Kurt Jooss and the timeless masterpiece, The Green Table

American Ballet Theatre’s repertoire for its autumn 2015 season includes works by Balanchine, Ashton, Twyla Tharp, Mark Morris and Paul Taylor – no surprises there – but it also encompasses an odd couple, both revivals from the early 20th century in Europe, Michel Fokine’s Le Spectre de la Rose and Kurt Jooss’ The Green Table, A Dance of Death in Eight Scenes.

Do they have anything in common? On the surface, no, but at the premieres, maybe yes, as both had a major impact on audiences of the time.

Apart from its historical importance as a Ballets Russes’ work that showcased the virtuosity of Nijinsky, Spectre de la Rose, premiering in 1911 represents a gentle embrace as opposed to the confrontational and non-negotiable battle of The Green Table, first performed in 1932 at a time of political turmoil in Europe. The Jooss Ballet performed the world premiere at the ThĂ©atre de Champs-ÉlysĂ©es in Paris with Jooss in the role of Death.

Jeanette Vondersaar will stage the ballet for ABT. Last performed by the company in 2006 the German Expressionist work, depicting the futility of war, is set to music F.A. Cohen, with costumes by Hein Heckroth and masks by Hermann Markard. The Green Table is always last on the program by request of Jooss, who died in 1979.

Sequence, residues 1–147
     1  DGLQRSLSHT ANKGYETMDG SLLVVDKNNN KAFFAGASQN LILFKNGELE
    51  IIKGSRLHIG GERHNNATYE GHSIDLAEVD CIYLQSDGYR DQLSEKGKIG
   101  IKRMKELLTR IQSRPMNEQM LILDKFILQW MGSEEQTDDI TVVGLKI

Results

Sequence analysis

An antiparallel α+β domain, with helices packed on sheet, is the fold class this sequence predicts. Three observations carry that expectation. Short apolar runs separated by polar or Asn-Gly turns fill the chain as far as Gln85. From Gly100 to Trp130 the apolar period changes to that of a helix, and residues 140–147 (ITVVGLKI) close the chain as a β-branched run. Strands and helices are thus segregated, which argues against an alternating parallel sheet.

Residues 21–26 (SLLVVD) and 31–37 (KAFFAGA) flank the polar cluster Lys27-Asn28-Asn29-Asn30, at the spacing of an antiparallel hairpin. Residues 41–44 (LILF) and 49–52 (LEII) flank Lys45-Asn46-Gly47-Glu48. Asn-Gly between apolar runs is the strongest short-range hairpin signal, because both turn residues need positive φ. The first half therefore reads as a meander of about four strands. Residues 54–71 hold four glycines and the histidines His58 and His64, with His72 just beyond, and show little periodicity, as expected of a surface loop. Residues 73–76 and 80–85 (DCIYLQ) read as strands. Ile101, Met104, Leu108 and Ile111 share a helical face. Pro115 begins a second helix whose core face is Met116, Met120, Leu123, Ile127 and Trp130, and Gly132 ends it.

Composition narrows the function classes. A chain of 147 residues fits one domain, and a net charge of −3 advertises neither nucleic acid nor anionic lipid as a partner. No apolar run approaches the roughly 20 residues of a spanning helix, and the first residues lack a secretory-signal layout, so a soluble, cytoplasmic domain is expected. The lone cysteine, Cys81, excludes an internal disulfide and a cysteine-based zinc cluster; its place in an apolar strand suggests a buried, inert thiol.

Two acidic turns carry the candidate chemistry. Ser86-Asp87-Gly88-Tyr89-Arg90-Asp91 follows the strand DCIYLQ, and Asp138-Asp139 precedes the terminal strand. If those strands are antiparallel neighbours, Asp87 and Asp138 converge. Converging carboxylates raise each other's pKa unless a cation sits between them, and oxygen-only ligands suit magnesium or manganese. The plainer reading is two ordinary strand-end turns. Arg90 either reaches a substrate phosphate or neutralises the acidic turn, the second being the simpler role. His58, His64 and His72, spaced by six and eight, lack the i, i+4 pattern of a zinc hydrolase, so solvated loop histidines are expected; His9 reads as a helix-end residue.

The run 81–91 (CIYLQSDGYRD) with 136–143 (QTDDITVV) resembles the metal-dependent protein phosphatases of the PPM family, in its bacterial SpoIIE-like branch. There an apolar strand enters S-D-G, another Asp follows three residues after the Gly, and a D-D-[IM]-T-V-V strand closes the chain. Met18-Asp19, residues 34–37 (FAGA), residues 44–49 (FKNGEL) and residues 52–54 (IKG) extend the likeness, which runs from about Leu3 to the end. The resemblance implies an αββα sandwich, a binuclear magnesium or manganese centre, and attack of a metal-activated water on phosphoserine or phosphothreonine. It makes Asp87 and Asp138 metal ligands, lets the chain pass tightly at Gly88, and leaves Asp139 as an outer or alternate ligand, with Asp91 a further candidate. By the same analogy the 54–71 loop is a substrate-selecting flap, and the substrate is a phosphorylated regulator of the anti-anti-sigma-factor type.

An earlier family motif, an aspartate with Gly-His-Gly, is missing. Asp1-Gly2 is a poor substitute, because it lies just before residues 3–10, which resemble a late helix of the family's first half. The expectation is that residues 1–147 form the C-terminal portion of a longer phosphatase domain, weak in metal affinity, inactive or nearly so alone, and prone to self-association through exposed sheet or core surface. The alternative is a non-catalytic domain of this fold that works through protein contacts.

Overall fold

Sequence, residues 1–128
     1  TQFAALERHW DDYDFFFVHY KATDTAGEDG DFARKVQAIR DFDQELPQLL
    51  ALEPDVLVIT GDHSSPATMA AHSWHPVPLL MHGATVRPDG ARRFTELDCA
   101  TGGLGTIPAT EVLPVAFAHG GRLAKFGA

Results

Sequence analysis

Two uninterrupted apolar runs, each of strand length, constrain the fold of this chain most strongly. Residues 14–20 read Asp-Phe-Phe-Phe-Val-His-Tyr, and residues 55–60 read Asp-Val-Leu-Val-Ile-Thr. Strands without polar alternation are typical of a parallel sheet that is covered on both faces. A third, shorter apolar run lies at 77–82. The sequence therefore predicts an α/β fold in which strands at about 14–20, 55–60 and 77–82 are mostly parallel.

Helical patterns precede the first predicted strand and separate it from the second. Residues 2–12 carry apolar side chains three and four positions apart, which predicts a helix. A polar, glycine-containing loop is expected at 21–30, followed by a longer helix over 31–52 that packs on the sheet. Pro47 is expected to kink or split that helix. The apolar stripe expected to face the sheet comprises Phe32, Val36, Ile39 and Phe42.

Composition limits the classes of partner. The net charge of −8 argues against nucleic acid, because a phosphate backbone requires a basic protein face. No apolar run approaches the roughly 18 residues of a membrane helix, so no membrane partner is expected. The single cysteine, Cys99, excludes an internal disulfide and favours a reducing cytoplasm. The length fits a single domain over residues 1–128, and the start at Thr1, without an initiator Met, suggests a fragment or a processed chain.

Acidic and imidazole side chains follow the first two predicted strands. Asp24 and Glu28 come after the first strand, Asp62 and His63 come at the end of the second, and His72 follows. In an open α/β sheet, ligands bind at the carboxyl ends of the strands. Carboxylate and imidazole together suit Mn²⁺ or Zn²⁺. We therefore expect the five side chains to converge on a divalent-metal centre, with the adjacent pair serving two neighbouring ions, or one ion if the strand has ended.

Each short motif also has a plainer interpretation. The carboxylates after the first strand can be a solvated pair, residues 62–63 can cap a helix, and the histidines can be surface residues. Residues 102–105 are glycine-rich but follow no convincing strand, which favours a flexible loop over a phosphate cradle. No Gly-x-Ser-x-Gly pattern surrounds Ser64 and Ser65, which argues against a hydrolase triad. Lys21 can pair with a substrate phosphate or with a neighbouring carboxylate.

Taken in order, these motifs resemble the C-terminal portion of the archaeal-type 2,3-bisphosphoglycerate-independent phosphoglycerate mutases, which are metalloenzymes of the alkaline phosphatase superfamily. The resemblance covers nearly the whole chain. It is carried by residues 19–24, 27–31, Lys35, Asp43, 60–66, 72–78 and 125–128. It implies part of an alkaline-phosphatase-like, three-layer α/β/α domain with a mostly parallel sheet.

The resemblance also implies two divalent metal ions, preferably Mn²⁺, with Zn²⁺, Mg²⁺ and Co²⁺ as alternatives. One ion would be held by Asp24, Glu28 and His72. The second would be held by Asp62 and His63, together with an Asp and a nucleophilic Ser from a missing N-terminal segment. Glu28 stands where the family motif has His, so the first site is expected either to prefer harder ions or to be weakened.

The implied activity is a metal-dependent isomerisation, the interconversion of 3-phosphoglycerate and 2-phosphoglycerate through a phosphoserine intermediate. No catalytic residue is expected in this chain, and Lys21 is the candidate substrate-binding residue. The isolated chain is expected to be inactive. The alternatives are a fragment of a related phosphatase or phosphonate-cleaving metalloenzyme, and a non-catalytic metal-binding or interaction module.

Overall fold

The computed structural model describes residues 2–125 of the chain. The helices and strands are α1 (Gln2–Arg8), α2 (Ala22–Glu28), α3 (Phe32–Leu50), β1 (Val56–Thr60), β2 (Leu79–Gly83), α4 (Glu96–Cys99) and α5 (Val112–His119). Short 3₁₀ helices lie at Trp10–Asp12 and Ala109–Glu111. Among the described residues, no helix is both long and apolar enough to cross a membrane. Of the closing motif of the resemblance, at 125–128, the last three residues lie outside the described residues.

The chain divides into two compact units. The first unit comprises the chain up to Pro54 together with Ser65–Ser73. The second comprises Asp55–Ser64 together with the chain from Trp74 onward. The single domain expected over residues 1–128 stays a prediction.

As a child, I was entranced by such Royal Ballet stars as Margot Fonteyn, Moira Shearer and Svetlana Beriosova and aged about 12, saved my pocket money to buy ballet books including annual ballet albums.

That’s where first saw photos of The Green Table, and although I knew nothing about dance-theatre at all, I was fascinated by the images of masked diplomats in white gloves, sitting around a big table covered in cloth, seeming to glare at one another as they engage in a debate about war and politics.

Only later did I discover the way the narrative continues from debate, to a declaration of war, to war itself. Stalking through the ballet is Death, shown as a skeleton.

If I had seen a photo of Death as a child, I would have been frightened, rather than intrigued by the grotesquery of the diplomats’ costumes, especially the crazy-comic masks created by Markard, an artist whose first stage designs were created for the Juilliard Opera Theatre in New York in 1960.

Markard subsequently collaborated with Jooss, then staged his works and married Jooss’ daughter, Anna, who died in 2010.

In 2000, I was lucky enough to interview Pina Bausch in Wuppertal, Germany.

It wasn’t an easy interview until I asked her about her early years as a student dancer. Suddenly her mood turned from coolness and restraint to a childlike happiness.

At 14, she studied at Jooss’ Essen Folkwang School. There she knew Jooss as ‘Papa Jooss’.

“He was like a papa, in a way, very, very kind, very, very warm, with a lot of humour, very much joy for things, people. A very beautiful man. He knew so much about history, music. His school was very special, with an opera department, acting, pantomime, graphic arts, photography, sculpture, all together”.

Bausch succeeded Jooss as a director of the school then moved to Wuppertal to work with her own dance ensemble. They both left a remarkable legacy.

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